Control+F, or Command+F on a Mac, is the keyboard shortcut for the Find command. Please use this to quickly search for key words in this document.
Antibody: Also known as an immunoglobulin, an antibody is a large protein secreted by B cells—mostly plasma cells. Our immune systems use antibodies to neutralize pathogens (including viruses).
Acceptable Face Covering: Acceptable face coverings for COVID-19 include, but are not limited to, cloth-based face coverings and disposable masks appropriate for exercise that cover both the mouth and nose. Bandanas, buffs, and gaiters are not acceptable face coverings for dancers’ use in studios, theaters, and performing arts centers. The CDC defines wearing an appropriate face covering/mask as
- Wear masks with two or more layers to stop the spread of COVID-19.
- Wear the mask over your nose and mouth and secure it under your chin
- Masks should be worn by people two years and older
- Masks should NOT be worn by children younger than two, people who have trouble breathing, or people who cannot remove the mask without assistance
- Do NOT wear masks intended for healthcare workers, for example, N95 respirators
- CDC does not recommend the use of gaiters or face shields. Evaluation of these face covers is on-going but effectiveness is unknown at this time.
- The CDC offers additional ways you can improve how your mask protects you.
The American Society of Heating, Refrigerating and Air-Conditioning Engineers (ASHRAE): an American professional association seeking to advance heating, ventilation, air conditioning and refrigeration systems design and construction. Their members are concerned with the design and construction of HVAC&R systems in buildings. ASHRAE also publishes a set of standards and guidelines relating to HVAC systems and issues.
Asymptomatic: Not showing any symptoms (signs of disease or illness). Some people without any symptoms still have and can spread the coronavirus. They’re asymptomatic, but contagious. Fever, cough, and shortness of breath are the main symptoms of COVID-19. Call your healthcare provider or a UVA clinic if you have any of the symptoms.
Bubble: A COVID-19 bubble is a group of select individuals who you can interact with mask-free due to established rules (eg. living together, no interaction with anyone outside of your bubble, etc.), medical protocols, tests and vigilance. A presiding authority is required to decide what the rules, protocols, and vigilance measures should be for your bubble. See also: Cohort, Pod.
The Centers for Disease Control (CDC): The United States’ federal health protection organization.
Close contact: A person who may be at risk of a contagious disease because of their proximity or exposure to a known case. Exact definition of close contact differs by disease; for COVID-19, the CDC defines a close contact as anyone who has been within 6 feet of a person infected with the virus for a prolonged period of time, or has had direct contact with the infected person’s secretions. (Source: CDC)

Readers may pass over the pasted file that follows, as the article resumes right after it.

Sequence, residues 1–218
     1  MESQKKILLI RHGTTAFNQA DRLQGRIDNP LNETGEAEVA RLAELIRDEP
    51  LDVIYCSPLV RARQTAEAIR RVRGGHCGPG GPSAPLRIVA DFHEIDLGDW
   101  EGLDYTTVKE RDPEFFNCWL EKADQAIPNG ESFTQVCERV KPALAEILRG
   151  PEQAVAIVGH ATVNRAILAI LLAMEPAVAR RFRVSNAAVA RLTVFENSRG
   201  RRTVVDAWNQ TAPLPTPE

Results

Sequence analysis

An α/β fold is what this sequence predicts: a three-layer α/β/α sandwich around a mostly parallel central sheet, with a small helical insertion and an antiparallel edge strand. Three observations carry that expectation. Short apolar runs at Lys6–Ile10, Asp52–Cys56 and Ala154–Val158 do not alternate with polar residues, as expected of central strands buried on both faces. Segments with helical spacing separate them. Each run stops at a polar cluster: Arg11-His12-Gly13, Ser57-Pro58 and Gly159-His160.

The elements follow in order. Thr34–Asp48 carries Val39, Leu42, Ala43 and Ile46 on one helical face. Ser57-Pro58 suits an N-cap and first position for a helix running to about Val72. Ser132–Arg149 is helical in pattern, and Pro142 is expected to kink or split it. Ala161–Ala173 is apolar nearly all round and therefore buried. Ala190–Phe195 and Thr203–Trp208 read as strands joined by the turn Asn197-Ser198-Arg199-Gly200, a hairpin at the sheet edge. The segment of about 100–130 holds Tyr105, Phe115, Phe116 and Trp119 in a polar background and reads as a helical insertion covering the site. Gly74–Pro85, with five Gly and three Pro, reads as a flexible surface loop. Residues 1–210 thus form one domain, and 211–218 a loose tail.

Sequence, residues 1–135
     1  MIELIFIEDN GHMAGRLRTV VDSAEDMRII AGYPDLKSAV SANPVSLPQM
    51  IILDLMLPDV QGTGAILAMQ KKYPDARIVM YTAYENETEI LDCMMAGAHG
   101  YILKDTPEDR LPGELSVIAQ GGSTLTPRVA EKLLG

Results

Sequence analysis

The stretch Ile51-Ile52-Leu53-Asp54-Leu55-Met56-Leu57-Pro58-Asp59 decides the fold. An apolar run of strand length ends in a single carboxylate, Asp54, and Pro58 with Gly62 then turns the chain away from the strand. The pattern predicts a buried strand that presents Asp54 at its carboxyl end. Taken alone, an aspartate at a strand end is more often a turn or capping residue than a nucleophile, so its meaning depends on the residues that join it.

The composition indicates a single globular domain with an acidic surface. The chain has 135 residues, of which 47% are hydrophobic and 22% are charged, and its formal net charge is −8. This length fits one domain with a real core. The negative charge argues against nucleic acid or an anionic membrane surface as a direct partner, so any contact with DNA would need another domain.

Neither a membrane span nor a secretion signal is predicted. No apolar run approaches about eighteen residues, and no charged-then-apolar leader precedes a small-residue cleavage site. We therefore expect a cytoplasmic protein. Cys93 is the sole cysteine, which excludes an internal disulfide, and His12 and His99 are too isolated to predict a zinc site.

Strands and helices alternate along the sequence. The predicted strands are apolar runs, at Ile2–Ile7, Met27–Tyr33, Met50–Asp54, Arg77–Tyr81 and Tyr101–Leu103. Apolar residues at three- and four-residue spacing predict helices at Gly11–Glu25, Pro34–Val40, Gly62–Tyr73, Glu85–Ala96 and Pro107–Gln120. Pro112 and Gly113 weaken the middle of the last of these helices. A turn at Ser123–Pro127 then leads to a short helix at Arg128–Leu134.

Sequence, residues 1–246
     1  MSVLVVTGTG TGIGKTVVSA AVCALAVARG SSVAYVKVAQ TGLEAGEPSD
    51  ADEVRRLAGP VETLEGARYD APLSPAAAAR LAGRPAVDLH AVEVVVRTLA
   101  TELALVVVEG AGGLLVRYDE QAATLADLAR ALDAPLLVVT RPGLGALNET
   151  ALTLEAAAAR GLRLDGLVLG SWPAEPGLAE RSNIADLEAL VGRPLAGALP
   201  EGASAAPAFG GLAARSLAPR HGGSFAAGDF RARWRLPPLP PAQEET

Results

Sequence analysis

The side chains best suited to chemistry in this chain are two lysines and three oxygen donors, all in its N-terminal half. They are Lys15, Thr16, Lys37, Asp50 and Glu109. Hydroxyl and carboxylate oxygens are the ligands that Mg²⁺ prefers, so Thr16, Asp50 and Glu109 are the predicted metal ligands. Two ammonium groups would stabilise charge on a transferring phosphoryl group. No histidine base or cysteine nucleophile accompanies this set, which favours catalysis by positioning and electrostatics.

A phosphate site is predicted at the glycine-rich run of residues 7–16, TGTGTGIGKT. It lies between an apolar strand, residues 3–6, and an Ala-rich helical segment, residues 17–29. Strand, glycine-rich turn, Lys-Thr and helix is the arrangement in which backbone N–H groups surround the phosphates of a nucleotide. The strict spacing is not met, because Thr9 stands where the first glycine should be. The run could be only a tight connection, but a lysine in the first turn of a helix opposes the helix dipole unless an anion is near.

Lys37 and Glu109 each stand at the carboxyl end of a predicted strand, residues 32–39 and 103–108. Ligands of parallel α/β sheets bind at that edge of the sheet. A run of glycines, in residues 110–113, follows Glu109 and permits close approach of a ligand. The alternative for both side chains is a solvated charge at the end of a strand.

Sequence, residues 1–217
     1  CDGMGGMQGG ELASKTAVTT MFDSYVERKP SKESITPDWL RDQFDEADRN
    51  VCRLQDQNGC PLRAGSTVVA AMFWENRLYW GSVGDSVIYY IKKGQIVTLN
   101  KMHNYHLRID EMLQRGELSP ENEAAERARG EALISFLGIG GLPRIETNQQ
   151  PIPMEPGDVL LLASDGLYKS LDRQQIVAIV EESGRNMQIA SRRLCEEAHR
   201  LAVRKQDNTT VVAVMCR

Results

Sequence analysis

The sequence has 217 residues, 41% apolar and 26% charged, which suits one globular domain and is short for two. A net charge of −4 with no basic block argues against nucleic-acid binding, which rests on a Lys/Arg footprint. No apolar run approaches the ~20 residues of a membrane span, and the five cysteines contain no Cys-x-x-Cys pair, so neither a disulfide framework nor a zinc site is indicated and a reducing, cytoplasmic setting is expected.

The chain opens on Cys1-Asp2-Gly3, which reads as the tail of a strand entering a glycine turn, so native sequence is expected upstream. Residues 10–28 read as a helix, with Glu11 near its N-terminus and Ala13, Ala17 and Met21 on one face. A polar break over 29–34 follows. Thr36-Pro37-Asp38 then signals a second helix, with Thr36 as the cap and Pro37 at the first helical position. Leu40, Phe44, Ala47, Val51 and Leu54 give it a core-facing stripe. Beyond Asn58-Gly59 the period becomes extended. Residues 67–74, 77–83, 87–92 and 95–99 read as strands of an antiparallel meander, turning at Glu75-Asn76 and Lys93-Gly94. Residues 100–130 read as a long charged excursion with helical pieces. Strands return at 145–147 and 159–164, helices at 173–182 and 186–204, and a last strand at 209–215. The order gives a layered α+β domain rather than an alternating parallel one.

Cohort: A cohort is a group of select individuals within a larger group of individuals who are kept together to engage in their activity through scheduling measures that promote consistent separation of one cohort from another and therefore control interaction. Cohort models work well within large facilities (eg. studios, theaters, and/or performing arts centers) frequented by the public, at universities and educational institutions managing student bodies, etc. See also: Bubble, Pod.
Communicable: Similar in meaning as “contagious.” Used to describe diseases that can be spread or transmitted from one person to another.
Community spread: The spread of an illness within a particular location, like a neighborhood or town. During community spread, there’s no clear source of contact or infection.
Confirmed case: Someone tested and confirmed to have COVID-19.
Congregate settings: Public places that can get crowded and where contact with infected people can happen. This includes places like malls, theaters, and grocery stores.
Contact Tracing: Contact tracing is the process of contacting all people who’ve had contact with someone who tested positive for COVID-19. Contact Tracers have been hired and trained to work with state-of-the-art software to gather information on the infection’s spread. Your participation is confidential.
Coronavirus: A family of related viruses. Many of them cause respiratory illnesses. Coronaviruses cause COVID-19, SARS, MERS, and some strains of influenza, or flu. The coronavirus that causes COVID-19 is officially called SARS-CoV-2, which stands for severe acute respiratory syndrome coronavirus 2.
COVID-19: The name of the illness caused by the coronavirus SARS-CoV-2. COVID-19 stands for “coronavirus disease 2019.”
Dancers: In our material, “Dancers” refers to all people involved in the Dance workforce. This term includes dancers and dance workers, dance teachers, choreographers, dance company managers, office-based dance workers, dance studio managers, dance presenters, dance studio visitors/renters, performance venue visitors/renters, and any other persons involved with the dance workforce.
Department for Environmental Conservation (DEC): A New York State department which guides and regulates the conservation, improvement, and protection of New York’s natural resources.
Droplet transmission/spread: A mode of transmission for a contagious disease that involves relatively large, short-range (less than 6 feet) respiratory droplets produced by sneezing, coughing, or talking. (Source: CDC)
Equipment: Any frequently touched item or surface that the performer(s) comes in contact with. This can be barres, music stands, props, etc.
Epidemic: A situation where more cases of disease than expected happen in a given area or to a group of people.
Epidemiology: The branch of medicine that studies how diseases happen and spread in communities of people. A person who studies epidemiology is called an epidemiologist.
Flattening the curve: Controlling the rate of new cases of COVID-19. The “curve” refers to a graph showing the number of cases of COVID-19 that happen over a period of time. Many cases happening in a short period of time create a graph that looks like a tall spike. By using protective measures, we can slow down how many new cases happen, and “flatten” the curve.